Voice/Vision Holocaust Survivor Oral History Archive

Jack Gun - August 27, 1993

Liquidation of the Ghetto


And just, I guess just before the liquidation of, of the ghetto she got very lonesome for her family. So she asked them, she says Id like to go back, Id like to see my parents and my brothers. So she came back into the ghetto. Uh, like I say I dont know if it was two months, three months, four months but uh, not a long period before the ghetto was liquidated she came back. And then, one day I guess there was a rumor. My father found out, I guess not only my father but there was, you know, there was always rumors around and most of them turned out to be true. There was a rumor that the ghetto was gonna get liquidated. They didnt know what they were gonna do, but they knew that somethings happening theyre gonna, theyre gonna ship them someplace, take them someplace--all of us, I dont mean them, us. So my father made a plan and he said, he said, he told my mother like this, he says you sneak out your daughter with you to work and Ill try to take Yankiel with us, and at the end of the day were gonna meet in Osawa, and this is where this gentile Czech lived. And maybe hell keep us, maybe hell hide us, maybe well run somewheres. So that was the master plan and they took me with 'em, my father and brother. And somehow they sneaked me out, where nobody said somethin. They took me with them to that baza and they put me somewheres in the, in uh, a barn where there was hay and uh, they went to do their regular routines and I guess during the day they used to come and check on me. And during that day somebody from the ghetto came by that baza and told my father, he says you know Shmuel, he says they didnt let your wife and your daughter out of the ghetto today, they stopped them, they didnt let her go out to work. So when he heard that, when it came the end of the day he brought my brother over to me and he told him he says you two stay here, sleep here in the, in the barn, dont go back to the ghetto. He says I have to go back because I will not leave your mother and your sister alone. He says if thats uh, if there is a tomorrow Ill be back and maybe we can do it, do the same--what I planned to do tomorrow. He says if not, he says I hope you two can survive, or somethin. And that was exactly the right rumor. That morning the ghetto was closed off nobody went to work. And that morning uh, the Germans came into our barn and they had bayonets and they were poking into the hay and say, "Juden, Juden, arouse, Juden," and naturally we were laying there, without moving. And this was the day that they were takin most of the people out, outside of town. Where they had the Ukrainians dug the ditches, they didnt even have the Jews dig the ditches because they were afraid that the rumor will spread. And they took approximately about uh, close to 4,000 Jews outside the city, including my parents and all my family, and shot 'em right then and there.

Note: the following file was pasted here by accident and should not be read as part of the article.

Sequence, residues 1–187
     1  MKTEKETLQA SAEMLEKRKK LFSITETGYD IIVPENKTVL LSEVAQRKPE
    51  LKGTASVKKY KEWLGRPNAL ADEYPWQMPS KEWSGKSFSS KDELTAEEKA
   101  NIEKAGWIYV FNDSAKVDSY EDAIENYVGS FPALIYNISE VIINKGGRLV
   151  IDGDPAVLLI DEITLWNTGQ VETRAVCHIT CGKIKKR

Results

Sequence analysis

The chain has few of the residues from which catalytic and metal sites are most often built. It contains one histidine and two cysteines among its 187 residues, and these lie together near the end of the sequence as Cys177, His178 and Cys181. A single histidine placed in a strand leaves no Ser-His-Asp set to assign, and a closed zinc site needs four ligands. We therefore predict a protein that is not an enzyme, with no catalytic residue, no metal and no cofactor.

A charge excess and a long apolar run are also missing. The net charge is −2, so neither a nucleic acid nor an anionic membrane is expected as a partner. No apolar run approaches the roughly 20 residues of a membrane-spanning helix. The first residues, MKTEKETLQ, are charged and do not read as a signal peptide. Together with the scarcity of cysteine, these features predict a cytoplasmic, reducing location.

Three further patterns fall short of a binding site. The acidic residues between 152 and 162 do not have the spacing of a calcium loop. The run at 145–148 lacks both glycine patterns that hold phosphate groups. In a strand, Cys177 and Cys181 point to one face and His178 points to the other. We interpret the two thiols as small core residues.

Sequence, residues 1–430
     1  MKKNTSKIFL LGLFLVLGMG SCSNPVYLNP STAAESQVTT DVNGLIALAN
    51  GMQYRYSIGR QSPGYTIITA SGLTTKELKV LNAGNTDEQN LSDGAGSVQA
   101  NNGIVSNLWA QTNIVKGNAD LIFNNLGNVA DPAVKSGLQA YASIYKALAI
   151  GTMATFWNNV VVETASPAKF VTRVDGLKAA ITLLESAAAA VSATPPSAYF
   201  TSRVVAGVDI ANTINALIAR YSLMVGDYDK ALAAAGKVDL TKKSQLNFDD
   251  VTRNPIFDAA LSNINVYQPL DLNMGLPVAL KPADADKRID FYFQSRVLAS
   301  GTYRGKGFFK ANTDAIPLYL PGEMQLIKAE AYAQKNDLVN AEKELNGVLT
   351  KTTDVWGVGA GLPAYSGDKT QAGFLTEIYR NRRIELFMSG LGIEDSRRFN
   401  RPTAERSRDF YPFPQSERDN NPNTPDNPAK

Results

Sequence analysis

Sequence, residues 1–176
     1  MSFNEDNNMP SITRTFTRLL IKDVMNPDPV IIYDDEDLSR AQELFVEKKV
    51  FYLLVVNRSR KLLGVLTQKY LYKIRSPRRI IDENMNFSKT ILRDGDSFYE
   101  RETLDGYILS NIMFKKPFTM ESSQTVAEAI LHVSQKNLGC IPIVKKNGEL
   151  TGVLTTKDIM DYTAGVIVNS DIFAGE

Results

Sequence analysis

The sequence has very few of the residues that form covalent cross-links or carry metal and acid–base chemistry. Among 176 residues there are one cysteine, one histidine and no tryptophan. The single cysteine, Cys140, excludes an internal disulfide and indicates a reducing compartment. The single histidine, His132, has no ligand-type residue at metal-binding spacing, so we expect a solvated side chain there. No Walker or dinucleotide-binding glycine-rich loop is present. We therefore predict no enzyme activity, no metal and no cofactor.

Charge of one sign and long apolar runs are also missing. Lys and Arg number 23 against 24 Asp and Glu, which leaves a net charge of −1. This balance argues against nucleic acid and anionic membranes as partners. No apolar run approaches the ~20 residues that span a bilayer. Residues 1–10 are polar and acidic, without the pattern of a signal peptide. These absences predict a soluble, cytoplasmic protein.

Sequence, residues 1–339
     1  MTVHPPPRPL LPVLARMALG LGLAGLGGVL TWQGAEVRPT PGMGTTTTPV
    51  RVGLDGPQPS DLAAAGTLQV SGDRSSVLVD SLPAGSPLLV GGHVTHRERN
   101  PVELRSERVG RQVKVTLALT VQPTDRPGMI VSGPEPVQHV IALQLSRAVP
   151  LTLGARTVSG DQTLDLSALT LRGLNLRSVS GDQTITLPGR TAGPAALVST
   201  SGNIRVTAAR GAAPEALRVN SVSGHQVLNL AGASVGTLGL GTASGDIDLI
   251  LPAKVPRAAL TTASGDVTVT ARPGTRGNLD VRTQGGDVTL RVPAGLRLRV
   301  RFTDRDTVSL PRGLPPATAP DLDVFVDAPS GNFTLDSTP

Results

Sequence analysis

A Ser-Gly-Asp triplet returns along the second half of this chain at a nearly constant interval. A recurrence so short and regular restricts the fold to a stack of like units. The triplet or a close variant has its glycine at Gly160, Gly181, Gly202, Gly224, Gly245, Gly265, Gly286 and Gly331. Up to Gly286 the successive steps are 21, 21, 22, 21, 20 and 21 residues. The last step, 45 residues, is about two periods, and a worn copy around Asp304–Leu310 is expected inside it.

And this was August '42?